I’ve seen some great impersonations in my day, but this guy… THIS GUY is the real deal. Not only has he come up with an awesome, catchy original song, but he manages to impersonate 29 celebs with almost perfect accuracy. From Sir Ian McKellan to Bono, Rob Cantor, who just released his debut solo album, is on point when it comes to his impression game. I’m afraid he might actually sound more like Shakira than the real Shakira, if that’s even possible. (I know it’s not, but he’s that good). Check it out for yourself and find some inspiration for your next karaoke night.
How would it sound if Celine Dion sang “Total Eclipse of the Heart”? What if she sang it and then passed the song off to Adele, who then passed it off to Barbra Streisand, Christina Aguilera and Shakira? Singer Christina Bianco has a show called “Diva Impressions,” and during a recent performance she sang the classic Bonnie Tyler hit as 19 different famous singers. Her Zooey Deschanel is so spot on. The whole thing is pitch perfect. [YouTube]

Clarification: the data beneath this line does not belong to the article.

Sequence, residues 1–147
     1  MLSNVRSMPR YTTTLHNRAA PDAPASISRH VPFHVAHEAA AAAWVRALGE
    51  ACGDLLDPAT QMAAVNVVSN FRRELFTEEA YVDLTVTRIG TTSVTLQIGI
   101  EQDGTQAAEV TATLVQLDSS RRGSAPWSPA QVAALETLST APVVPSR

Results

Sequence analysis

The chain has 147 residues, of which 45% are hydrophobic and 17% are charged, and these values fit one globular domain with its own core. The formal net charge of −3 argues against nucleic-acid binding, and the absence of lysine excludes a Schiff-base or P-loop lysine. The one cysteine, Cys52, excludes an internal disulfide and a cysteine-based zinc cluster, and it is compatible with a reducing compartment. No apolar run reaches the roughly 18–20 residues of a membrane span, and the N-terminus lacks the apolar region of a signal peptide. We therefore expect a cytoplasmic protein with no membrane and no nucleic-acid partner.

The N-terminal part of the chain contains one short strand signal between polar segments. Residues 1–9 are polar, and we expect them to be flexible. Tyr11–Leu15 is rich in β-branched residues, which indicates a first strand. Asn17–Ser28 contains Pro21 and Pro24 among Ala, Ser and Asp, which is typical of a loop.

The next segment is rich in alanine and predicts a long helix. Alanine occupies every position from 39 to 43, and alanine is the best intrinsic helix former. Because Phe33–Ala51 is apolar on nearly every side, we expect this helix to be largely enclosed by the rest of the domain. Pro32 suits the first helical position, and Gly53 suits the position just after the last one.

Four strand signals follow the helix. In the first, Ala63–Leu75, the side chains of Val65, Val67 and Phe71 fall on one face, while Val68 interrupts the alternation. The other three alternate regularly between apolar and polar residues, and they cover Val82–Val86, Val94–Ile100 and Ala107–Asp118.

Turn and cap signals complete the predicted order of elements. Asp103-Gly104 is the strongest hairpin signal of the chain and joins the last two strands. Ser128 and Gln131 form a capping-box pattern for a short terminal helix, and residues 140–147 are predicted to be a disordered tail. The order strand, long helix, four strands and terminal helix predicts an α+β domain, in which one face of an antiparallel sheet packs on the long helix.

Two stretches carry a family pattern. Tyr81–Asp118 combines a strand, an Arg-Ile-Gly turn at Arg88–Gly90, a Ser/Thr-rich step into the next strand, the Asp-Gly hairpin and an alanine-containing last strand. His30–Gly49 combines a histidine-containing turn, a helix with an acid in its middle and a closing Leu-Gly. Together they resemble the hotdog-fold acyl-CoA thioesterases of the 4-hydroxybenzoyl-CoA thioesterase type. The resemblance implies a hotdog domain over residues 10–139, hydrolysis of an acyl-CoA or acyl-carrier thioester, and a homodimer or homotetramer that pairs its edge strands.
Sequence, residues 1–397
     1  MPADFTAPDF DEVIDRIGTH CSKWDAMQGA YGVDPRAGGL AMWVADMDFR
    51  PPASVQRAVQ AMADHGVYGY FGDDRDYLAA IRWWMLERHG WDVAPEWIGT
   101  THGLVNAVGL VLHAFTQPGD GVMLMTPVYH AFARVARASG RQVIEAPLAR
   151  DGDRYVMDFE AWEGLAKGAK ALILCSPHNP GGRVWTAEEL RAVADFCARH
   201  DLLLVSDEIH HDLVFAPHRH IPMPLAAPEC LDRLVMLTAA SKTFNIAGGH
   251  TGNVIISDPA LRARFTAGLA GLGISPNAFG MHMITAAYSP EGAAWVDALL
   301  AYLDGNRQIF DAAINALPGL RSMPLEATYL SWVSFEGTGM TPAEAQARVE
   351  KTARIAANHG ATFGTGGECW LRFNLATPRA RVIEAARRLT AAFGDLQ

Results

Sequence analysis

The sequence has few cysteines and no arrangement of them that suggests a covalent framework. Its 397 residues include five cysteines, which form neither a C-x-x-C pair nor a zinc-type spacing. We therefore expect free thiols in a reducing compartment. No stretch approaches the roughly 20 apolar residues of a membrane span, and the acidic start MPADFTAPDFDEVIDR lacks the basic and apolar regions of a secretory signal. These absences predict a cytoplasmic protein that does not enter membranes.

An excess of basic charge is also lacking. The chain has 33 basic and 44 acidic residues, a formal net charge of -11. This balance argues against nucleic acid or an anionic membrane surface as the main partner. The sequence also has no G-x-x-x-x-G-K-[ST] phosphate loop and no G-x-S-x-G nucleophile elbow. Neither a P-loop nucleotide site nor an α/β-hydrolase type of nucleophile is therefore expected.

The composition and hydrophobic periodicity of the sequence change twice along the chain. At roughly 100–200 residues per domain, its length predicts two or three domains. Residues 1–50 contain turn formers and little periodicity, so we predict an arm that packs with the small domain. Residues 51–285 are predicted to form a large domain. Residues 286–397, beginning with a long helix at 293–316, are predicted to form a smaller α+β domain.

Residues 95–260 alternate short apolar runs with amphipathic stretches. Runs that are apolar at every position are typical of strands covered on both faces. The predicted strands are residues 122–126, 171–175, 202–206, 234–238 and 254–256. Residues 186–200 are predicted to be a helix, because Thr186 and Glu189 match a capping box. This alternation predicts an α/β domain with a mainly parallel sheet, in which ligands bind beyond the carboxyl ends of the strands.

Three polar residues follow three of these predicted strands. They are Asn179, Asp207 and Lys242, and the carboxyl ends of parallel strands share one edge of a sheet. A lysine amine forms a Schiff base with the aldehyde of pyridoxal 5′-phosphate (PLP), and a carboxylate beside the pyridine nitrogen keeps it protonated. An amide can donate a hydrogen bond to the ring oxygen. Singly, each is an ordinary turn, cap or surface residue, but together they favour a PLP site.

I’m proud to be an American, especially today, when I heard this utterly tone deaf 10-year-old in a zesty sequin American flag vest butcher the lyrics to “Proud To Be An American.” With patriotic hand gestures. He filmed his medley for a Dallas cable access channel in a tribute after 9/11. God bless you, Tyler Busby. See you on “American Idol.” [VideoGum]
is so freaking hot I’d watch him do just about everything. Yes, even karaoke. Jude starts singing the Chuck Berry classic “Johnny B Goode” about 44 seconds in — a little tone deaf, but in a hot way. [YouTube
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If you think the mouse squeals you can hear between your walls are gross, just wait until you listen to the ones that are normally (and luckily) inaudible to the human ear. Sure, over hearing a neighbor or roommate having sex can be quite traumatizing, but male mice screech higher than Michael Jackson when theyâ€™re getting tail. Researchers at the University of Toronto, have discovered that boy mice actually have feelings and real emotions — itâ€™s in their genes. For example, when a male mouse encounters a female or even simply smells one, it gets so excited that it will chirp in a special way based on its individual genetic make up. Basically, male mice sing sweet ballads to show their softer side — remember Fieval from American Tail? [New Scientist] Keep reading »